Gloria Macapagal Arroyo Mug Shots

The Arroyo camp has appealed to the media not to publish former president Gloria Macapagal Arroyo’s mug shots, which are expected to be taken by police authorities Saturday, so as not to put her in further humiliation.

Gloria Arroyo Neck Brace
Reports said that elements of the Pasay PNP are going to take photos and fingerprints of Arroyo as part of a standard operating procedure called police booking.

In simple terms, a booking procedure is normally done if a person gets charged and arrested. It is where a mug shot, a photograph of a person’s face, particularly one made for police files and for identification purposes, is taken.

The former president is facing charges for alleged electoral sabotage in the 2007 elections. The case against Mrs. Arroyo and several others was filed by the Commission on Elections (Comelec) before the Pasay regional trial court last Friday.

Officers from the National Bureau of Investigation (NBI) served the warrant of arrest to Mrs. Arroyo at St. Luke’s Medical Center, where she is presently confined, at 6:30 p.m. same day.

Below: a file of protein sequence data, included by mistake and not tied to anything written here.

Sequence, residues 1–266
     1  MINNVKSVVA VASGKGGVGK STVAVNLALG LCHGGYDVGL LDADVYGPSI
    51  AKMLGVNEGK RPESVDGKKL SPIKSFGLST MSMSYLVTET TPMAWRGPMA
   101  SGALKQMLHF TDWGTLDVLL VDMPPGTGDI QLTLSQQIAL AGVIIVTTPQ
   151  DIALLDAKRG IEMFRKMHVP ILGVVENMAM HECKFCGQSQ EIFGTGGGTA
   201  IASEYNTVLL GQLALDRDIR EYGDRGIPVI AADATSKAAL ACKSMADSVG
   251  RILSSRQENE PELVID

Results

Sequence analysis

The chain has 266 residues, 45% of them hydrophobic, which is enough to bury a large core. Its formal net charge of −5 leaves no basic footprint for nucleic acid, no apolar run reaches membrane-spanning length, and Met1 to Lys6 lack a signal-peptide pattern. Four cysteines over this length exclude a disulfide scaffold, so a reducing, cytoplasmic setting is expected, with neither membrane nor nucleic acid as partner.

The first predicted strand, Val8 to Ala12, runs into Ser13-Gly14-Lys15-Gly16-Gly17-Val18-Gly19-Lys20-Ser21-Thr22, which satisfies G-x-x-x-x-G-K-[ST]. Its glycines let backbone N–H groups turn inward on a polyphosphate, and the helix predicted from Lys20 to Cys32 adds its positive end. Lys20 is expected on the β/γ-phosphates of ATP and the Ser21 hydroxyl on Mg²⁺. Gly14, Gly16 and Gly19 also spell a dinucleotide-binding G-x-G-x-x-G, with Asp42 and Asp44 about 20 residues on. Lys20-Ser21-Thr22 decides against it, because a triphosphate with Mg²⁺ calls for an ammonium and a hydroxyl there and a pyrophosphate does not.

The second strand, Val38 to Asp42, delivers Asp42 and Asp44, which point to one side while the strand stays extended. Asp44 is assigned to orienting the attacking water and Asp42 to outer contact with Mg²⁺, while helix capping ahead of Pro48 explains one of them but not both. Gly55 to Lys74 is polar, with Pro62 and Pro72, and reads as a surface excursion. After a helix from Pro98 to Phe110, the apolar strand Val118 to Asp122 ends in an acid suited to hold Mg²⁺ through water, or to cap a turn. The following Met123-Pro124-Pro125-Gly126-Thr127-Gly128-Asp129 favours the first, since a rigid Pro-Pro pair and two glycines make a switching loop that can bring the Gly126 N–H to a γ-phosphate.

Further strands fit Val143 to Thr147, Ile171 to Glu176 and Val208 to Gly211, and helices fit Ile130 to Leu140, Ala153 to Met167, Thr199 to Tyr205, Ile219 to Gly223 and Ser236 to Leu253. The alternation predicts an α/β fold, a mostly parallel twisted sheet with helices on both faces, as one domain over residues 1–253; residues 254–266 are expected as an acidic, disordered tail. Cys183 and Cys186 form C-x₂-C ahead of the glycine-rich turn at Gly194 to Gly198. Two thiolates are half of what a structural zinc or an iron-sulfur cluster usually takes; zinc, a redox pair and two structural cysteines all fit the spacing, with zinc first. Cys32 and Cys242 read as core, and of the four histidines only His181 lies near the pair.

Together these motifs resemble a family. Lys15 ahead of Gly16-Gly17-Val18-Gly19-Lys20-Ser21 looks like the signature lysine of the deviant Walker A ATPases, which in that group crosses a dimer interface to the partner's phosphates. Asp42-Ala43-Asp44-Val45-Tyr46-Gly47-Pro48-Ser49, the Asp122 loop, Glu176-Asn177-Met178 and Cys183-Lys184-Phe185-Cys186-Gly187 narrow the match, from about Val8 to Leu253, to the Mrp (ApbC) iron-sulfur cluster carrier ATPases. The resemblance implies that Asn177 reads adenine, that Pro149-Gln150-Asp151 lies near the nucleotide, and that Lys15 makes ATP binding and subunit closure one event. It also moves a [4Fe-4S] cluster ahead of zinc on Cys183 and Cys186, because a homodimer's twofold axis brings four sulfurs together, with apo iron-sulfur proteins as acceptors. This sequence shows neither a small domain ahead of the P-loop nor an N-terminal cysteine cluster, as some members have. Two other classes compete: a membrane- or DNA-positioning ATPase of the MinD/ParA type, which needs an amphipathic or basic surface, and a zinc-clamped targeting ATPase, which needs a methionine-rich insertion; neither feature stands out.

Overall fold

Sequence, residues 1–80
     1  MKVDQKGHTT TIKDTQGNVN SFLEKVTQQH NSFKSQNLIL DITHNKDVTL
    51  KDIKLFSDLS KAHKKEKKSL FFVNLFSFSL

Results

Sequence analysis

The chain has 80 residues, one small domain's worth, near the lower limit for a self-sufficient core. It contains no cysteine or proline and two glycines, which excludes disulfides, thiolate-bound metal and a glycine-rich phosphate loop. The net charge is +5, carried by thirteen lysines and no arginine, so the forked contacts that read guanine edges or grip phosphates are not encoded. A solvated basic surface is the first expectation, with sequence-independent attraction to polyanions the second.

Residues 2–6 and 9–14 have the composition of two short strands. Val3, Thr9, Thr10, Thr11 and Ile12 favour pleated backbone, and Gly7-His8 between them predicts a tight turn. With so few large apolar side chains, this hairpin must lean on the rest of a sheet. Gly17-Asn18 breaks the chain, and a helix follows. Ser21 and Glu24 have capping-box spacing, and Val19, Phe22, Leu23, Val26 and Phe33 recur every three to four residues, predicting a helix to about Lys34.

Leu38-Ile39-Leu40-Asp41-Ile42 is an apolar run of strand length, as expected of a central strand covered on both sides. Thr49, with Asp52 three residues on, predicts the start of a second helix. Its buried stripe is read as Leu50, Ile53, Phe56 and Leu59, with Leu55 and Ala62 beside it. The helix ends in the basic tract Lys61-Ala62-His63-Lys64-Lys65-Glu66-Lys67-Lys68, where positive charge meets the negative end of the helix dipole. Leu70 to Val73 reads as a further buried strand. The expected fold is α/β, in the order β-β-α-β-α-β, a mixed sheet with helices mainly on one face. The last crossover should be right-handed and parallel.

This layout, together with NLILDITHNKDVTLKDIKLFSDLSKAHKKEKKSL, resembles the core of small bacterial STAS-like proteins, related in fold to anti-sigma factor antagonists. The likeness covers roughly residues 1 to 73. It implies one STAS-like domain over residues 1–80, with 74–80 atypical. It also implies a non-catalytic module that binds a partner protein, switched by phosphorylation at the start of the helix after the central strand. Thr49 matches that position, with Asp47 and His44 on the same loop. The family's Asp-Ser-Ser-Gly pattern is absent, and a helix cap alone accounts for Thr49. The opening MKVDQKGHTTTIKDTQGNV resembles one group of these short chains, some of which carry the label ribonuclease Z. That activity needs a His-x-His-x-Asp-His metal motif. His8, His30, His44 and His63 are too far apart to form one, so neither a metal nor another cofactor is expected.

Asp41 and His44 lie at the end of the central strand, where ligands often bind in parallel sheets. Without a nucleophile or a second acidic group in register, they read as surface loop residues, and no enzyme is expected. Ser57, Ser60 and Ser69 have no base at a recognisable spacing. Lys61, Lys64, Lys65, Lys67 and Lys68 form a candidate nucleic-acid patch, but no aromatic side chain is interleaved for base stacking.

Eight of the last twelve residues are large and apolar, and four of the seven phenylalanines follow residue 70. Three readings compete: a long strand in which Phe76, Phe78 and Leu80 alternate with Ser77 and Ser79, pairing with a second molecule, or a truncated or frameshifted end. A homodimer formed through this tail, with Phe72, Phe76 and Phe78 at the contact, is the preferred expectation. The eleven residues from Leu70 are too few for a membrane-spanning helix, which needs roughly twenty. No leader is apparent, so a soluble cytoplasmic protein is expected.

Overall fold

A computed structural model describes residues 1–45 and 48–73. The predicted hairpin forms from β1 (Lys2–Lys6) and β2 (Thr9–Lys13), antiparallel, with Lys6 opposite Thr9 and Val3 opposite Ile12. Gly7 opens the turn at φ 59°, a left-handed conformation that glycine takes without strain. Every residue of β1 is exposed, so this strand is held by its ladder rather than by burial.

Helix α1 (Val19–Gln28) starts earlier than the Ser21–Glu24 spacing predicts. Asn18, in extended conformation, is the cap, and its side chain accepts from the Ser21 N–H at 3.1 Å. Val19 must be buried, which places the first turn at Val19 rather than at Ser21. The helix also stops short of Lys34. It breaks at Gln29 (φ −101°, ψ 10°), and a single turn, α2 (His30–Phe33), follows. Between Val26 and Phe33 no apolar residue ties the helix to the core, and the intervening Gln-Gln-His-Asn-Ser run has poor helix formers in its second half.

The authorities, reports said, did not immediately subject the former president to the booking procedure due to her frail condition and instead scheduled it on Saturday.

Atty. Ferdinand Topacio, lawyer of the Arroyos, on Saturday told reporters that the PNP granted their request to take the mug shots themselves. He clarified, however, that it is the police who will facilitate the fingerprinting.

He added that while it is the prerogative of media organizations to publish the photos, which will become a public property once submitted to the RTC, he made an appeal for them to exercise self-censorship.

Follow up reports said Gloria Macapagal Arroyo’s mug shots, which are believed to look very similar to the earlier widely-circulated photos of her wearing a neck brace, were already taken past 3 p.m. inside her hospital room.

The authorities are reportedly contemplating whether or not to release CGMA’s mug shots.

Police said it is up to the court to release the mug shots, but INQUIRER.net had them already posted online.

Senior superintendent James Bucayu of the Southern Police District confirmed that the mug shots leaked in the internet are “authentic” but the “source of the leak is unknown.” He reportedly said the chief of the investigation division has been told to investigate.